In 2007, a new mom and her infant son were set for discharge from the hospital less than 48 hours after the birth. That’s not uncommon. The baby had a case of jaundice, which characterized by yellowing skin and eyes caused by the build-up of a naturally-occurring blood product called bilirubin, which some babies can’t metabolize at first. That’s also not uncommon. In ordinary cases, it’s easily treated with exposure to UV light and goes away after a couple of weeks.
In this case, it didn’t. The new mom says she told hospital staff that her baby seemed sick, with yellowing skin and eyes, but they told her it would get better in a few weeks. It didn’t, but instead developed into a complication called hyperbilirubinemia, which can cause brain injury and cerebral palsy. He survived, but was left with permanent, completely disabling brain injuries.
His parents are grateful that the hospital was able to save his life as an infant when the jaundice had progressed to a point where he was vomiting and needed two blood transfusions to survive.
“They couldn’t save my son’s brain, but they saved his life,” his mom told reporters. Today, the little boy is 6, but he hasn’t yet been able to say “mama” or “dada.” He can’t hold up his head or sit up by himself, much less walk.
While mild jaundice occurs in about half of infants, it does require treatment. In this case, a jury decided earlier this week, a New York hospital released the boy without a proper evaluation of the jaundice his mom had reported and without any treatment. That jury has awarded the family $26 million for the 24-hour-a-day care the boy will need for the rest of his life.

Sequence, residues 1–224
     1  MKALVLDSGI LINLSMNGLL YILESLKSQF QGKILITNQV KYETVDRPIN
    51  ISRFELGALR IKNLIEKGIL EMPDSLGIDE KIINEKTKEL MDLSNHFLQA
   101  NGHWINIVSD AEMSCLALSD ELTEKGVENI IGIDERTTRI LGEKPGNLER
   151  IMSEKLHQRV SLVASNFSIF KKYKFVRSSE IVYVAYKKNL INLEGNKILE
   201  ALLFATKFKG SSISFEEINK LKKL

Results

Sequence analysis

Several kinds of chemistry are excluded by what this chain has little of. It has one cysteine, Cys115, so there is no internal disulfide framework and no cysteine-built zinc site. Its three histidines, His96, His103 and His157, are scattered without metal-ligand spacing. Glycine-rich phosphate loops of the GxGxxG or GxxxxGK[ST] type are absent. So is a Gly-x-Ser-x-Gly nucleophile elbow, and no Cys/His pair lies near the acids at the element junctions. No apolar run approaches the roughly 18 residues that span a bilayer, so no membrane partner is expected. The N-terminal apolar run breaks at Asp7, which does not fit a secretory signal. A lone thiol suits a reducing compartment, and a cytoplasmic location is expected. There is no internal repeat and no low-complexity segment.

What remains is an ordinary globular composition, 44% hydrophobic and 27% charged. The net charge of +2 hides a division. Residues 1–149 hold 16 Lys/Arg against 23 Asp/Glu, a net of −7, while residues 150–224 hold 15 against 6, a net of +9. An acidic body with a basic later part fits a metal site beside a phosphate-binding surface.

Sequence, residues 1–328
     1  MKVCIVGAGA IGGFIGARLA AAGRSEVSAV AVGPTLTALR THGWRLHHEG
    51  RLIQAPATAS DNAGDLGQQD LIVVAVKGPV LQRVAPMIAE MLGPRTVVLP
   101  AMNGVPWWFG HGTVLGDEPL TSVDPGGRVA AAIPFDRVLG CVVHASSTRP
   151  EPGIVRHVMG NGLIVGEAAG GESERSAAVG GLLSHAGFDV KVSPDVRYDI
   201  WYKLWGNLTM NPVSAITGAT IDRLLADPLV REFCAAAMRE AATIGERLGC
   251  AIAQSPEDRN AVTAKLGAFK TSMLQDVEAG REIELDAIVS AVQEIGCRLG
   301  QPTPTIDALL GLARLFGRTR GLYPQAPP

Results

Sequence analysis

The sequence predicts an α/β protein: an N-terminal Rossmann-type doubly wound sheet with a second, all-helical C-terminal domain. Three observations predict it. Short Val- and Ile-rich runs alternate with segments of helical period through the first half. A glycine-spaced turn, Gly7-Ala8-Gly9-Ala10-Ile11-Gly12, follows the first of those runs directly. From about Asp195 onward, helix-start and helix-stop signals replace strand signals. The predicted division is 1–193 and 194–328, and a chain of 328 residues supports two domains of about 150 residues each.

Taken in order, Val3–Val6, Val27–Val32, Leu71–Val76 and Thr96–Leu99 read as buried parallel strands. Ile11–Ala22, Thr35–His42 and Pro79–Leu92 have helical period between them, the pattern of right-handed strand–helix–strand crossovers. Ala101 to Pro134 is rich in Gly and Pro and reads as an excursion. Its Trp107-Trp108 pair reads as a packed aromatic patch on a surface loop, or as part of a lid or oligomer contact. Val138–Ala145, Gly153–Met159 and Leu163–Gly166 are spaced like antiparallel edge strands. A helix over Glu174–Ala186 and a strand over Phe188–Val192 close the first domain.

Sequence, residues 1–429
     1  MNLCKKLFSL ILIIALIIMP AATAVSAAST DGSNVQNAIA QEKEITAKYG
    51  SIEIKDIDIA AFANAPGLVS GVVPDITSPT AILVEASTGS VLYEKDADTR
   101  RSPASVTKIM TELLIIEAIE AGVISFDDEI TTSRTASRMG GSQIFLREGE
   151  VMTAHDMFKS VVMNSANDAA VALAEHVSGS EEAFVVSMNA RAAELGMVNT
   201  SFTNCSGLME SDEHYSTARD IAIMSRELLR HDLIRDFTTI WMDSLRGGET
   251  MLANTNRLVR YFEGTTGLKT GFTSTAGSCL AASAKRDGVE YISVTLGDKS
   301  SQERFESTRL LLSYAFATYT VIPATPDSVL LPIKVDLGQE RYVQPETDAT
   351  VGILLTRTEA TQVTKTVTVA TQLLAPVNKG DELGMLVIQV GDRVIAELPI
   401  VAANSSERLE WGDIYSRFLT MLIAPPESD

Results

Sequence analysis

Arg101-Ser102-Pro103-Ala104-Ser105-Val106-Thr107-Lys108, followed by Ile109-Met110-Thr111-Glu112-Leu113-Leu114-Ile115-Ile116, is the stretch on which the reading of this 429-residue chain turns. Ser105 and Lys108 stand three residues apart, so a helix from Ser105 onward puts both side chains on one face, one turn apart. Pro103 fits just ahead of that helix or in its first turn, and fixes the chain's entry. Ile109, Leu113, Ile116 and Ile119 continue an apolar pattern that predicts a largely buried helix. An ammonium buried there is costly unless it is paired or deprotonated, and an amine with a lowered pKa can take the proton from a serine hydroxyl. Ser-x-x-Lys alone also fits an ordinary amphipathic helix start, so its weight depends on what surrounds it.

“I don’t know if I’ve seen a more preventable case,” said the family’s lawyer. “It’s heartbreaking to see a child like this.” The hospital denies any wrongdoing and plans to appeal.
If your baby suffers from jaundice, talk to a doctor about treatment — and insist on it. You should call a doctor immediately to avoid the risk of brain injury if the jaundice begins spreading, if your baby’s rectal temperature is above 100° F (37.8°C), or if he or she looks or acts sick.
- New York Daily News, “Disabled Brooklyn boy awarded $25 million in untreated jaundice case against New York Methodist Hospital,” Doyle Murphy, Nov. 19, 2013
- KidsHealth, “Jaundice in Healthy Newborns,” The Nemours Foundation, 2013